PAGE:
By the way, I am assuming that the person is desacrating an image that they, themselves, own. I do not think we can allow vandalism.

  16. AnAmericanMother says:

    Freedom, with the traditional limits — creating a clear danger (shouting “fire” in a crowded place is the classic example), obscenity, or incitement to violence.
    While this borders on obscenity, it’s probably not there.
    And ‘free speech’ refers to inherent limitations on the government’s power to block speech.

    I am not familiar with the French law, but for years in England the Lord Chancellor could censor private plays that he considered detrimental, even in a most general way (I think that the production of The Mikado was halted while a Japanese delegation was in town, for fear it would offend them.) Of course that is “prior restraint” and hardly ever seen in the U.S.

    If there is no such discretionary restriction in France, then the way to deal with this is — the artist has the freedom to produce the work, and the people (including bishops and priests, particularly!) have the freedom to protest, shun, picket, boycott, interfere (legally) with the artist’s and the theater’s funding, and otherwise give them a serious hard time. Stink bombs, however, are probably falling into the “danger” category.

  17. eulogos says:

    Certainly I wouldn’t have police break into private art galleries and arrest the perpetrators of such things. However no public money should support them, and they should not appear in any venue supported by the taxpayers.

    I don’t know-that may mean that this desecration would be permitted by my rules. Protestors should also be allowed, but they should only be able to carry signs, not disrupt exhibitions or plays.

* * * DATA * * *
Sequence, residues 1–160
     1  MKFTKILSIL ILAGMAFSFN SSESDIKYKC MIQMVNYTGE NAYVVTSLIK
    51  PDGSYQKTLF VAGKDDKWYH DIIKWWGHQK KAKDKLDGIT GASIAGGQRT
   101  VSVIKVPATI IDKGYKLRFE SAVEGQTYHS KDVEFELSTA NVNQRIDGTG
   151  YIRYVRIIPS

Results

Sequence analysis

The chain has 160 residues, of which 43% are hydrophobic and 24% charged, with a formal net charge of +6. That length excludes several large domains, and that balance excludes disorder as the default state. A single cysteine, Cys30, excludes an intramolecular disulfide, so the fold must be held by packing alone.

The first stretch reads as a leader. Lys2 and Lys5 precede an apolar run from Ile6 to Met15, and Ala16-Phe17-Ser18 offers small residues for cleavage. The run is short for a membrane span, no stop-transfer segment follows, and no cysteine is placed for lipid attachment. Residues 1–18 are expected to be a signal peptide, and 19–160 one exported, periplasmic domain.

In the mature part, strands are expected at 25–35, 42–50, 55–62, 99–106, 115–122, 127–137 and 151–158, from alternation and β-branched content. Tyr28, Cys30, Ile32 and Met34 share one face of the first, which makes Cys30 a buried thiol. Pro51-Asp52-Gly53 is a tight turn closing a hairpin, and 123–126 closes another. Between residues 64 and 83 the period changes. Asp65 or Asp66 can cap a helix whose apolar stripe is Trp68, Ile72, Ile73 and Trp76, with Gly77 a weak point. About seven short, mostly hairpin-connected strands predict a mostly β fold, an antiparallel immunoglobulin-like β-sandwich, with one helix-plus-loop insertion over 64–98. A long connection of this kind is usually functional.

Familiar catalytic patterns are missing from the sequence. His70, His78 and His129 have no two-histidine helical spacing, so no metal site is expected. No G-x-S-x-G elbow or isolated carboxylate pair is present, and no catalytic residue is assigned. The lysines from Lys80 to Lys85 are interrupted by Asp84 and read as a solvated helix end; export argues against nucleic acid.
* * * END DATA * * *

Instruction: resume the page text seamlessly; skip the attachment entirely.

Do we know that the descration was not meant to represent that ill treatment of an old man was like desecrating Christ, because the face of the old man is the face of Christ? I worked as an aide in a nursing home and saw my fellow aides abuse the elderly not by hitting them but by mocking their incontinence, their physical characteristics etc. I tried to see the face of Christ in the face of each of these old people. What you have done to the least of these, my brethren, you have done to me, right? I can see saying in words that offenses against these old people are offenses against Christ. Could the play be meant to demonstrate that?

    If it were, you could see the bishop’s point of view. You could still see the protestor’s point of view. But it is the kind of thing which makes me hesitant to say that we ought to have a law against ….. and how would you even write the law? It wouldn’t fly in the US, under our constitution, now would it?

    Susan Peterson

  18. Long-Skirts says:


    Took a glance
    In October
    Paris France

    Not from other
    Stange-gods’ creeds
    But Catholic young
    With Rosary beads

    Took a glance
    In October
    Paris France

    Not from mousy
    Mitred men
    But youth for Truth
    Tradition again

    Took a glance